Businesses were burned down, gunshots were fired at police, and protests turned violent in the Twin Cities early Saturday in what Minnesota Governor Tim Walz (D) described as “incredibly dangerous” , fluid and dynamic ”, which triggered the largest deployment of civil law enforcement. in the history of the state.
Over 2,500 state and local police and the National Guard – a force greater than the response to the riots of the late 1960s – deployed to protect firefighters trying to put out the fires and enforce a law at 20 hours. curfew challenged by certain groups that infiltrated the protests and inflicted “gratuitous destruction” in Minneapolis and St. Paul.
“I can fully understand the rage,” Walz said at a press conference. “But it’s not painful. … It’s not George’s death. … It’s about creating chaos. “
Governor said he takes responsibility for underestimating the level of violence that erupted after the arrest of former Minneapolis police officer Derek Chauvin, explaining that his strength was outnumbered by the thousands that have spread through the city streets. The police – reinforced by 1,000 soldiers of the National Guard – began to apply the curfew around 11:30 p.m. and found themselves changing tactics throughout the night, withdrawing to protect various assets, in particular the 5th police district.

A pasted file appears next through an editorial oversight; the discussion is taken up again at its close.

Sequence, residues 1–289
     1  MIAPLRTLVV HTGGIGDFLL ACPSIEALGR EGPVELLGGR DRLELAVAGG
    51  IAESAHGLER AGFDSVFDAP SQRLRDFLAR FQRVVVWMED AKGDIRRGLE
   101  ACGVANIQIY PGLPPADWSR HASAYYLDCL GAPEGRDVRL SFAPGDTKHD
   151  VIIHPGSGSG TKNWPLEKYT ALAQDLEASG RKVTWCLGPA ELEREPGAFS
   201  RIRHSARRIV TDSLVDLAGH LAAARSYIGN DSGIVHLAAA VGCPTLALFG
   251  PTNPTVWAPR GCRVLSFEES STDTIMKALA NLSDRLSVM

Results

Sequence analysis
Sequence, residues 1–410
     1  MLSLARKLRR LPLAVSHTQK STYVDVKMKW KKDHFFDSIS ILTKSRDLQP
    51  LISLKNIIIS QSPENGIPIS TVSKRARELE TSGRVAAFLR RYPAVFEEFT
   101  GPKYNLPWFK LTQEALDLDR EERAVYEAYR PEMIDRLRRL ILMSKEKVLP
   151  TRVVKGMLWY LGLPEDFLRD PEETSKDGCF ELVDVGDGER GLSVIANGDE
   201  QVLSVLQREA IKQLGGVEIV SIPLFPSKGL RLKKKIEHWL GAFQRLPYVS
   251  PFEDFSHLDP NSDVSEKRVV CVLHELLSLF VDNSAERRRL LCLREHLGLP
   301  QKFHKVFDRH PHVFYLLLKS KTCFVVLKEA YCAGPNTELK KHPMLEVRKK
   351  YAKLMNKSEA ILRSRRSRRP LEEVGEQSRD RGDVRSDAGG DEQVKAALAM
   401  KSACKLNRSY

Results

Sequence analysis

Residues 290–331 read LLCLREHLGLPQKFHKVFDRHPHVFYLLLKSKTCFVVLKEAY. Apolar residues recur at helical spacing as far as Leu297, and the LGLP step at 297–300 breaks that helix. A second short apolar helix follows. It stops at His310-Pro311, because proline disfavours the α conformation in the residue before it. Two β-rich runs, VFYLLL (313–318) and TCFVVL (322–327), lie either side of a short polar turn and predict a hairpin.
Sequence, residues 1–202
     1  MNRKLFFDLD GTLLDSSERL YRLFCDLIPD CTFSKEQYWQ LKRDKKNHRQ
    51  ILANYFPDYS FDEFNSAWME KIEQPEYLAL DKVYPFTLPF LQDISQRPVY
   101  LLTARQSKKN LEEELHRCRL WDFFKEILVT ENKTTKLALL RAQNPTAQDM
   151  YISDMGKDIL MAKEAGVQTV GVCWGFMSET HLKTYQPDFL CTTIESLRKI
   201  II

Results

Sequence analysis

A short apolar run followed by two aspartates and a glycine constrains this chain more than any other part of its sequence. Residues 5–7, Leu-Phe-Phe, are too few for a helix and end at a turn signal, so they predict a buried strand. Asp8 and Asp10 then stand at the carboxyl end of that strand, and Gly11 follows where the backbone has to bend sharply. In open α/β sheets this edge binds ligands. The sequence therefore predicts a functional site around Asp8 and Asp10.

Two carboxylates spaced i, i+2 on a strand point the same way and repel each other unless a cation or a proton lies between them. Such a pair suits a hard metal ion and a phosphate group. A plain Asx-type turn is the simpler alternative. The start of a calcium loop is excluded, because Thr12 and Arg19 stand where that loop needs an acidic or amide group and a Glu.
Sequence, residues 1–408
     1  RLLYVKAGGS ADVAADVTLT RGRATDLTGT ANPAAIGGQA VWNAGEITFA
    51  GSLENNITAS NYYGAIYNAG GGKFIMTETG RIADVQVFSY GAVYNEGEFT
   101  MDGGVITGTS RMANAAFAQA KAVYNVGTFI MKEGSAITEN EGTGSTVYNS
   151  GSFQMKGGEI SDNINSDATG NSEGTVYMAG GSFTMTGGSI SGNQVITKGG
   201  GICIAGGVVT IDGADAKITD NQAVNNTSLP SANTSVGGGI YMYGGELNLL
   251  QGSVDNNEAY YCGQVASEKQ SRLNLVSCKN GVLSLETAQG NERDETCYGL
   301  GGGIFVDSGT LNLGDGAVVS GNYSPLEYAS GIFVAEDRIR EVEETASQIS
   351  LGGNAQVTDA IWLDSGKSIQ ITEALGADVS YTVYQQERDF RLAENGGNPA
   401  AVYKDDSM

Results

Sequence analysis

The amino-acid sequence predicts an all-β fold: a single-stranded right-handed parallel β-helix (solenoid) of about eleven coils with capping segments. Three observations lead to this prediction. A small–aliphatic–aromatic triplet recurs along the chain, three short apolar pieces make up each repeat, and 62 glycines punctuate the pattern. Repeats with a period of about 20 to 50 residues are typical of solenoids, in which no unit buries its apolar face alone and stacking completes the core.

Maj. Gen. Jon A. Jensen, adjutant general of the Minnesota National Guard, confirmed that the state had not been consulted but believed that it was prudent for the Pentagon to activate the military police in case they had need help to restore order. About 1,000 other National Guard soldiers arriving this weekend will join police forces in the twin cities.
The state and local authorities expect another big demonstration later on Saturday and have expressed concern that anarchists, criminal opportunists and other groups will mingle with legitimate claimants and cause more destruction.
“These people want nothing more than to fuel the conflict,” said Walz.
Minneapolis Mayor Jacob Frey (D) said the city’s resources were stretched.
“As a city, we are much more than that. As a city, we can be much better than that, ”he said. “There is no honor in setting your city on fire. … If you care about your community, you have to stop that. It must stop. “